Pay cut for millions as real wages fall by 2.8% – what it means for your money? | The Sun

MILLIONS of workers are facing a cut to pay in real terms as inflation outpaces wage growth.

New figures released today by the Office for National Statistics show that wages in "real terms" fell by 2.8% from May to July, meaning less money in peoples' pockets.

That's compared to 3% last month, the ONS said.

A real terms pay cut means even if wages are going up, if they don't match the rate of inflation, which is currently 10.1%, people will effectively be getting less in their pay packets.

When inflation goes up it means the price of everyday items, fuel and bills go up, which means budgets are squeezed.

Inflation hit a 40-year high in July, up from 9.4% the previous month.

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The latest figures from the ONS show average workers' total pay excluding bonuses went up by 5.2% and for those with bonuses it went up by 5.5%.

Average regular pay grew by 6% in the private sector, while in retail and the hotels and restaurant sector wages went up by 7%.

Meanwhile, wages in the finance and business services sector grew at 5.9% and the construction sector at 5.4%.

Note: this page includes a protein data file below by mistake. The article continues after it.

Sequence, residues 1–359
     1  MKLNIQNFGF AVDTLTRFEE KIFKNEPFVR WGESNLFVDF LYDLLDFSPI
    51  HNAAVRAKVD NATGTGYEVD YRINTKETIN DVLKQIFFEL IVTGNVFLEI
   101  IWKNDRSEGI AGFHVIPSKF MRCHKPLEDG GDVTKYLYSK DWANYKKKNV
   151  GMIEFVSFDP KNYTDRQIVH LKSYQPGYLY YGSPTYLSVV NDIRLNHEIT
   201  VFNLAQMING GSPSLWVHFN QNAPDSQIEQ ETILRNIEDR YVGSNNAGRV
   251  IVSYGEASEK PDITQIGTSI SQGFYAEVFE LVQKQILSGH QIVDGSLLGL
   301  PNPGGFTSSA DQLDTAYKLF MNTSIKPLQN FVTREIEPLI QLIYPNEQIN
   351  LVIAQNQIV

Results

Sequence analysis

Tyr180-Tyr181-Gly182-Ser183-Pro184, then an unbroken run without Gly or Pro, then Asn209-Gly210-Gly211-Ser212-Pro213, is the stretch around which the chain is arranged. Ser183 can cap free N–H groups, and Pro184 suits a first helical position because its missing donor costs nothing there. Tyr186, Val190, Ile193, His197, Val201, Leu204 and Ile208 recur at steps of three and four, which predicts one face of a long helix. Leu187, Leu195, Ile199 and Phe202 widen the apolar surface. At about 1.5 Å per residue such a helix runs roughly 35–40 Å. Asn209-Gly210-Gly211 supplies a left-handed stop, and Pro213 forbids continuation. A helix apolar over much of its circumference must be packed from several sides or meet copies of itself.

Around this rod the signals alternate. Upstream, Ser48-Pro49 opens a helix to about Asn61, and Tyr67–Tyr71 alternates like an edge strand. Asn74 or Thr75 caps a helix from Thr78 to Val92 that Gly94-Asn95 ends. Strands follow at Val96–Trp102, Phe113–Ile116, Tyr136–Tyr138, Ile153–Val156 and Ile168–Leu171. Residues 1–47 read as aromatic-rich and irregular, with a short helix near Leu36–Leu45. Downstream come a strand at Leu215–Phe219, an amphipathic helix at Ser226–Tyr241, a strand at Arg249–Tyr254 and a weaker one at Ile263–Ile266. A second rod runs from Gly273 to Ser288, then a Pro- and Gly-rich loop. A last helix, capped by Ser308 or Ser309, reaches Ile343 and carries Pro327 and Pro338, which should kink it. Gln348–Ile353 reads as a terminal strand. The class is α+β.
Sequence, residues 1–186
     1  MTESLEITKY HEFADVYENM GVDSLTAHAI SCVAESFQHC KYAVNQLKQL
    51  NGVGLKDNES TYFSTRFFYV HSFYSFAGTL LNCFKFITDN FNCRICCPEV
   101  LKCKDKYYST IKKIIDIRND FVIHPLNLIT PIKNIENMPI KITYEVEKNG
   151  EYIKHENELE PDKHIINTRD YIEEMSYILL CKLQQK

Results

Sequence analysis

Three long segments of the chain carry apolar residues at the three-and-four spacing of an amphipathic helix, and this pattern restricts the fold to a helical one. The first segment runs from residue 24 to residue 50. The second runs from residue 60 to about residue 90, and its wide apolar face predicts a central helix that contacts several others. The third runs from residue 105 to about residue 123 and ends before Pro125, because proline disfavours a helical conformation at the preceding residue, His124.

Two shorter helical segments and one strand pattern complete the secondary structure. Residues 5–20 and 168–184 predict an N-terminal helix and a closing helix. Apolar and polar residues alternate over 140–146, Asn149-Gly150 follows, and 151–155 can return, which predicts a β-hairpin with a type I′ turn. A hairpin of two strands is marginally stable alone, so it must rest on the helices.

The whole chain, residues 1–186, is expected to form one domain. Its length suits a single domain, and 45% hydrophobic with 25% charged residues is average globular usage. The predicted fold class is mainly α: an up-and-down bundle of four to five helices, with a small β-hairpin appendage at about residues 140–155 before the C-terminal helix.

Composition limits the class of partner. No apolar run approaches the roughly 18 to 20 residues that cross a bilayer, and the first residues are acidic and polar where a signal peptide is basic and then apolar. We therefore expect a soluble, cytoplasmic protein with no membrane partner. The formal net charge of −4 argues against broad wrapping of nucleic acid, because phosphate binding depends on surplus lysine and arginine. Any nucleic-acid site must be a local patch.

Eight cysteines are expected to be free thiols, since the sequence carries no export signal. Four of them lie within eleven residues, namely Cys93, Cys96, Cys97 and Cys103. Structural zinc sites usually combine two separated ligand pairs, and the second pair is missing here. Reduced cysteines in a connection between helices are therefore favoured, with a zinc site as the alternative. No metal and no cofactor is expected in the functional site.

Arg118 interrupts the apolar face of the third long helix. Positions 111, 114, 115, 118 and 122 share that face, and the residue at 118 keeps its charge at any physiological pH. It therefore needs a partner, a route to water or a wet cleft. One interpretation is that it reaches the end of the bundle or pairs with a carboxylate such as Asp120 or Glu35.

The average weekly earnings for regular pay was £571 in July 2022, according to the statistics.

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This showed a steady increase in wages over time, the ONS said.

In good news, the number of UK workers on payrolls rose by 71,000 between July and August to 29.7million.

That means the unemployment rate for May to July decreased by 0.2% to 3.6%, the lowest rate since 1974.

The number of jobs available on the market in June to August was 1,266,000.

What does it mean for my money?

Alice Haines, personal finance analyst at Bestinvest, an online investment platform, said the latest real terms wages figures meant peoples' spending power was "severely compromised".

"With inflation expected to edge higher on Wednesday, when the ONS releases the latest reading, how far wages can go in the daily lives of workers will be tested once again," she said.

"However, fears of a wage-price spiral might ease off if the chatter around an impending recession at the end of the year rings true.

"GDP might have risen slightly in July, up 0.2% compared to contraction of 0.6% in June, but that did little to offset the flattening economic growth in the three months to July as the fallout from the war in Ukraine and rising borrowing costs took its toll on the economy."

Alice Liz Truss' plan to freeze energy bills for millions of households across the UK for two years could lead to a "much milder recession" than anticipated.

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